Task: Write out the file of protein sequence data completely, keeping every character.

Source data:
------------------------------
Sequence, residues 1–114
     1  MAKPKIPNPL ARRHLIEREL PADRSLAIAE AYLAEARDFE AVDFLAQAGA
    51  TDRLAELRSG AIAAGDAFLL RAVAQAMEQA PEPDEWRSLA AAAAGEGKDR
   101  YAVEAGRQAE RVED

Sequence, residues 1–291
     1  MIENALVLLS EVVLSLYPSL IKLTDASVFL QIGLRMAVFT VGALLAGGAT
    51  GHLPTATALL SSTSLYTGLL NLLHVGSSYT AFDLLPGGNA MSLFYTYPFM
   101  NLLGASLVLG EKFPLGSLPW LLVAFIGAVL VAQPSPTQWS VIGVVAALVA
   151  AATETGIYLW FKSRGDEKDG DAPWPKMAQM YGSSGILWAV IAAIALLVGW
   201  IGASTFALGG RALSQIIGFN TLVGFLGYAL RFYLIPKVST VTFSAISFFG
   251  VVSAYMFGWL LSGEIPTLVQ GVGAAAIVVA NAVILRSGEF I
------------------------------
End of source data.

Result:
Sequence, residues 1–114
     1  MAKPKIPNPL ARRHLIEREL PADRSLAIAE AYLAEARDFE AVDFLAQAGA
    51  TDRLAELRSG AIAAGDAFLL RAVAQAMEQA PEPDEWRSLA AAAAGEGKDR
   101  YAVEAGRQAE RVED

Sequence, residues 1–291
     1  MIENALVLLS EVVLSLYPSL IKLTDASVFL QIGLRMAVFT VGALLAGGAT
    51  GHLPTATALL SSTSLYTGLL NLLHVGSSYT AFDLLPGGNA MSLFYTYPFM
   101  NLLGASLVLG EKFPLGSLPW LLVAFIGAVL VAQPSPTQWS VIGVVAALVA
   151  AATETGIYLW FKSRGDEKDG DAPWPKMAQM YGSSGILWAV IAAIALLVGW
   201  IGASTFALGG RALSQIIGFN TLVGFLGYAL RFYLIPKVST VTFSAISFFG
   251  VVSAYMFGWL LSGEIPTLVQ GVGAAAIVVA NAVILRSGEF I